Is Joe Biden breaking through?

Is Joe Biden breaking through?
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Two questions dominate the current stages of the presidential campaign among Democrats. First, did you hear what Donald TrumpDonald John TrumpVenezuela judge orders prison time for 6 American oil executives Trump says he'll leave White House if Biden declared winner of Electoral College The Memo: Biden faces tough road on pledge to heal nation MORE claimed today? This is usually followed by tweeting in all caps, a gnashing of teeth, or the incredulous shaking of heads. Second, why is Biden not out there more? This is usually followed by white knuckled hand squeezing by supporters.

It is true Biden has been less visible than he would normally be, but this is a perfect storm. The media covers the president, governors, mayors, and others whose decisions have direct impacts on our health and safety. We are in an unprecedented climate today where typical candidate visibility in rallies, speeches, fundraisers, and public events is out of the question.

Strong campaigns are built to be agile, as they adjust to fierce headwinds and crosswinds. For full disclosure, I am a Biden supporter. So I asked the campaign of the former vice president how it has adapted to the reality of being a challenger during this national crisis in a virtual environment. The answer here is that Biden has gone to ground, but the ground is strategic.


He is focusing on battleground states with virtual town halls in Florida and Arizona, along with television interviews in media markets in Pennsylvania. Biden has paid attention across different demographics. He held a virtual briefing on young Americans and has made frequent appearances on the late shows that attract those key voters, such as “Quarantine Monologue” with JImmy Kimmel, “The Tonight Show” with Jimmy Fallon, “Desus and Mero” on Showtime, as well as “The Late Late Show” with James Corden.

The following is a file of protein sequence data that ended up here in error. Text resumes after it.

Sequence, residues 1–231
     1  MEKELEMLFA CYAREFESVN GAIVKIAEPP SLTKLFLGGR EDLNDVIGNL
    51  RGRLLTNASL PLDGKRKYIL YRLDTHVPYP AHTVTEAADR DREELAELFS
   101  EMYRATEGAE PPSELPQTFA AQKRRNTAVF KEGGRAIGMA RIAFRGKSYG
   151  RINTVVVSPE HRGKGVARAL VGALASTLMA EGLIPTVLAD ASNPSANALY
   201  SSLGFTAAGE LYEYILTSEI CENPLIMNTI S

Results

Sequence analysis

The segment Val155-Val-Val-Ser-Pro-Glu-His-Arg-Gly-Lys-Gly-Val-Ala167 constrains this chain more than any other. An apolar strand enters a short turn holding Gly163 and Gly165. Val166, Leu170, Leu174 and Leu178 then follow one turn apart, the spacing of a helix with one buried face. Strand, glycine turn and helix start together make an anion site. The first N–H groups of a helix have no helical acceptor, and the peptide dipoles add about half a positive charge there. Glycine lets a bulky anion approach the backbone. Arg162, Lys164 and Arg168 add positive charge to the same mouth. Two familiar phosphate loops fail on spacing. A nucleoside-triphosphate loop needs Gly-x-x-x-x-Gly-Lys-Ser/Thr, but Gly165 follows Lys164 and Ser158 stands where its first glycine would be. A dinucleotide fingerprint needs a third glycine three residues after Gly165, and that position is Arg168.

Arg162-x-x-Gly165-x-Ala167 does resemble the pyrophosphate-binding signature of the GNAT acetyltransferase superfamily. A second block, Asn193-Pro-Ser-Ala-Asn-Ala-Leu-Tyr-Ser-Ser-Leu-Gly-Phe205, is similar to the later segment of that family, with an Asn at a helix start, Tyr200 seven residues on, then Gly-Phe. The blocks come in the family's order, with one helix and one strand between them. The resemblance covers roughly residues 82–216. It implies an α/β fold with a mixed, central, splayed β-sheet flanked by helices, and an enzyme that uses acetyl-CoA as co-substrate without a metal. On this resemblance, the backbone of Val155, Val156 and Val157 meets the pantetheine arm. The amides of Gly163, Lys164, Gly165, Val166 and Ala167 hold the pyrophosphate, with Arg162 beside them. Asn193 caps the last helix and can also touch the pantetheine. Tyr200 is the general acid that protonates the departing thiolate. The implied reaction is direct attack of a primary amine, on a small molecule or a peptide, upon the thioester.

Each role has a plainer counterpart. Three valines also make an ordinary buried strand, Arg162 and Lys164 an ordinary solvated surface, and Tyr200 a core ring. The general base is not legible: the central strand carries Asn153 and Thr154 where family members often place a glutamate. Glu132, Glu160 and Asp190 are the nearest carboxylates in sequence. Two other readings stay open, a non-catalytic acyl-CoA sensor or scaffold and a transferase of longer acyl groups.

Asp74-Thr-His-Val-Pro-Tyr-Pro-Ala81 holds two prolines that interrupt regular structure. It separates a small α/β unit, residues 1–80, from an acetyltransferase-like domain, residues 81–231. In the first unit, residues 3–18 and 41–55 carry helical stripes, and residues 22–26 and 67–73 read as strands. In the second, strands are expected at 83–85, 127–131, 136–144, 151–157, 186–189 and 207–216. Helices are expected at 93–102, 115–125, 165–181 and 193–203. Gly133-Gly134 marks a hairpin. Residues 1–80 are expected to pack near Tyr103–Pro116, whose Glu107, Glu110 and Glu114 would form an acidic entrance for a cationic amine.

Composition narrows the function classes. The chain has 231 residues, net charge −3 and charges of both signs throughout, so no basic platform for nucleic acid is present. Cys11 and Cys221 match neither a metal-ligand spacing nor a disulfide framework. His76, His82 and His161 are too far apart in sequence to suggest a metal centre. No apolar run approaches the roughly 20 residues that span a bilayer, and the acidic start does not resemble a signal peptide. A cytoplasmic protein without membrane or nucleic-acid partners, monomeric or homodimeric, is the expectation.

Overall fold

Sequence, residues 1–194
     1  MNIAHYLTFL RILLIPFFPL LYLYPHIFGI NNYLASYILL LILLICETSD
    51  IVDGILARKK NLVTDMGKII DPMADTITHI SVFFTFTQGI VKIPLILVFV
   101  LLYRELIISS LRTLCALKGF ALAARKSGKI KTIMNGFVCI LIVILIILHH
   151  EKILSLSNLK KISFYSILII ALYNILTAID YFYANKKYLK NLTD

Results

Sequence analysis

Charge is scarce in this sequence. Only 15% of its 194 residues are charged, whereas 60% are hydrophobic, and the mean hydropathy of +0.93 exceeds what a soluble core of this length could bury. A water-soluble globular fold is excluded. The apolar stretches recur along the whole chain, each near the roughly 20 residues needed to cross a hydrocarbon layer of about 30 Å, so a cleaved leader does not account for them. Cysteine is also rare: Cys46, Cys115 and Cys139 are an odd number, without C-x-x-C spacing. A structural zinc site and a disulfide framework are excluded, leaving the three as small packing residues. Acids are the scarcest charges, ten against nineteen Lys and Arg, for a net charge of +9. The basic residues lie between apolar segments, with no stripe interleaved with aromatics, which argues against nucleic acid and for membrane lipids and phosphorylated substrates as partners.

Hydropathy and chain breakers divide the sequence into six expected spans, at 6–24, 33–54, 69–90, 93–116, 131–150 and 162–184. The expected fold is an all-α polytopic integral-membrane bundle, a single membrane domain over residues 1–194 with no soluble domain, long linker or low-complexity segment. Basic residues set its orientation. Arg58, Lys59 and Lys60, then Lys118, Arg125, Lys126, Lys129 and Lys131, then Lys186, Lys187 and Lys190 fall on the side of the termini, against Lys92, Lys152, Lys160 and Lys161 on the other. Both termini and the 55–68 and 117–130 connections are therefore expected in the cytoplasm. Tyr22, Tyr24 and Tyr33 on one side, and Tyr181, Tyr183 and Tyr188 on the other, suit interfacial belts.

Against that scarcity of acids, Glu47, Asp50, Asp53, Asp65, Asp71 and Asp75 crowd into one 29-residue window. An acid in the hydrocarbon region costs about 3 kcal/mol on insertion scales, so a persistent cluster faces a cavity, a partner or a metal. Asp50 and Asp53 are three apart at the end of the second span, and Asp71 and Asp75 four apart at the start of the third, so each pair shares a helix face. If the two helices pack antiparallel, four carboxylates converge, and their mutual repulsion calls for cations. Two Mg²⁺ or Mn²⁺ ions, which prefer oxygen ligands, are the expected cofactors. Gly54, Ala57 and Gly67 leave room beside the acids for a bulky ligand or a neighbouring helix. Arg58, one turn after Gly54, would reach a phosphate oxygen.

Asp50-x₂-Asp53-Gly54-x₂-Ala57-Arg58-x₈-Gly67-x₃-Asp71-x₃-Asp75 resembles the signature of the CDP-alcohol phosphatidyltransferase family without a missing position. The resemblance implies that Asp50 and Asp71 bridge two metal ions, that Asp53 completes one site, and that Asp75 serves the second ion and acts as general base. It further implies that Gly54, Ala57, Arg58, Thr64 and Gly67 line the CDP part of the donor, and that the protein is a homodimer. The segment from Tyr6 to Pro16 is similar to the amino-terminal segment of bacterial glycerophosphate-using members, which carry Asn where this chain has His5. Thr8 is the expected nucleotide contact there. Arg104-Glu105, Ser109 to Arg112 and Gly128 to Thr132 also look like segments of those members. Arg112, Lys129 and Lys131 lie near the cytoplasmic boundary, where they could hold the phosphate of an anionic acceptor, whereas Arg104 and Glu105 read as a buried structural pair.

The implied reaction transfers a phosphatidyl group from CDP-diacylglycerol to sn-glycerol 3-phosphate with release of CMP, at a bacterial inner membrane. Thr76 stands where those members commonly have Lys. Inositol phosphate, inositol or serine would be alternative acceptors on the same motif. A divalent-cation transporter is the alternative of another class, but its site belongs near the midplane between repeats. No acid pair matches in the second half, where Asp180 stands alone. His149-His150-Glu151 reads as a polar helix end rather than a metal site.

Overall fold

He is reaching Latinx voters with appearances on Hispanic radio stations. He appealed to progressive voters in a virtual event with Bernie SandersBernie SandersThe Memo: Biden faces tough road on pledge to heal nation Clyburn: Biden falling short on naming Black figures to top posts Prepare for buyers' remorse when Biden/Harris nationalize health care MORE. He has engaged in the health and economic issues on the coronavirus, including a Frontlines roundtable with emergency responders, a virtual briefing on Cares Act implementation and oversight, and a virtual town hall on unemployment and working families with several labor groups.

In addition to these efforts, Biden has done the usual round of interviews across the cable television networks, including a town hall with Anderson Cooper and an interview with Chris Cuomo, along with key appearances on CNN with Brooke Baldwin, MSNBC with Brian Williams, NBC News with Chuck Todd, ABC News with George Stephanopoulos, and many others.

Meanwhile, Trump is putting the bully in the bully pulpit. With a stage to himself, he drove down approval of his handling of the crisis, from a high of 52 percent two weeks ago to a low of 44 percent this week, according to Navigator Research, which aggregates public polling. As the president incites dangerous elements of his own supporters to “liberate” states that maintain social distancing, 60 percent of Americans are more concerned that social distancing will end too soon rather than continue for too long.

This means that sometimes the best campaign strategy is to simply allow your opponent do the talking while you hold onto your edge. Candidates can be invincible or invisible. In fairness, during this era, Biden is neither.

Steve Israel represented New York in Congress for 16 years and was the chairman for the Democratic Congressional Campaign Committee from 2011 to 2015. He is now the director of the Institute of Politics and Global Affairs at Cornell University. You can find him on Twitter @RepSteveIsrael.